The Managing Director, Nigerian Airspace Management Agency (NAMA) Engineer Ibrahim Abdulsalam, said that the agency was working on new modalities to recover debts owed by local airlines.
Abdulsalam who was chatting with aviation correspondents in Lagos recently also said that international carriers operating in Nigeria had been up to date in paying their charges to the agency.
He said that if the debt owed by the local carriers was not properly addressed it would lead to the grounding of services offered by NAMA and other agencies in the aviation industry.
“We should work out modalities for payment of debts owed by the airlines. That is why we are not releasing the figure they owe us.
“It is our local airlines that have been defaulting in payment; they are part of our system and we have to be moderate with them.
“Nobody goes to fly on credit; you have to pay for the ticket. If we ground the airlines, people will be affected,’’ he said.
He further said that NAMA Management is planning a reconciliation meeting between the Agency and the umbrella body of all the other local airlines- Airline Operators of Nigeria [AON] in a bid to look at the debts profile of all its member airlines in order to fast-track recovery of their historical and overlapping debts.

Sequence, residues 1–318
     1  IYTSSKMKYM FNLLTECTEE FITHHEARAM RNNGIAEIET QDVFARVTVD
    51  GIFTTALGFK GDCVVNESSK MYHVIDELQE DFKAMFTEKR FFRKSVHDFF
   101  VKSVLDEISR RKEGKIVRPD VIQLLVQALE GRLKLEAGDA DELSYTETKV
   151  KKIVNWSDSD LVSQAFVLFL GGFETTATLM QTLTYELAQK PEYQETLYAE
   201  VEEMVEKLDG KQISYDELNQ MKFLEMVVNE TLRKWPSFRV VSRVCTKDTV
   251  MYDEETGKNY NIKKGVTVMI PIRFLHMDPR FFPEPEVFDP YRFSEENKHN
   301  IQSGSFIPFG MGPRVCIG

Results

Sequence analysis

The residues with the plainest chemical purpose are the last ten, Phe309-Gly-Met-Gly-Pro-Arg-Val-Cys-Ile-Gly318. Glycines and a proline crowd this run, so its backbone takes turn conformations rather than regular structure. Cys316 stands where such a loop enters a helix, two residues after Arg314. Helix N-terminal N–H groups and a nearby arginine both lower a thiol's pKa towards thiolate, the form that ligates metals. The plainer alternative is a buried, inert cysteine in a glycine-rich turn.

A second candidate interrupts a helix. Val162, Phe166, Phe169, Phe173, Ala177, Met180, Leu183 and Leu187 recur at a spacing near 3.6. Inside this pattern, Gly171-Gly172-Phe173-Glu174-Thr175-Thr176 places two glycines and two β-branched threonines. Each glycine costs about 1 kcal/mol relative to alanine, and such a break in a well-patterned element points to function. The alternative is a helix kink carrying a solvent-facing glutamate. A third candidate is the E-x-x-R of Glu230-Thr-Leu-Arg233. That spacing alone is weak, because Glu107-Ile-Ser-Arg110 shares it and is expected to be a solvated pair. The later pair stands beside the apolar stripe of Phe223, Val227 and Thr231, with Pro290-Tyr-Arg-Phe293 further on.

Stressing further he said that Arik Air is not a member of AON, so the agency had been discussing with a consultant of Arik Airline on the debt owed by the carrier.
He said that NAMA would work with other agencies in the aviation industry to prepare for the International Civil Aviation Organisation Security Audit (ICAOSA) that will take place in June.
The agency’s helmsman stated that the federal government had helped NAMA in offsetting its debt on the Total Radar Coverage of Nigeria (TRACON) project.
Abdulsalam said that the new Navigational Aids equipment just procured by the agency would be installed at six airports across the country.
Engineer Abdulsalam also noted that solutions to issue such as this was better resolved through a ‘ round table approach’ rather than applying sanctions.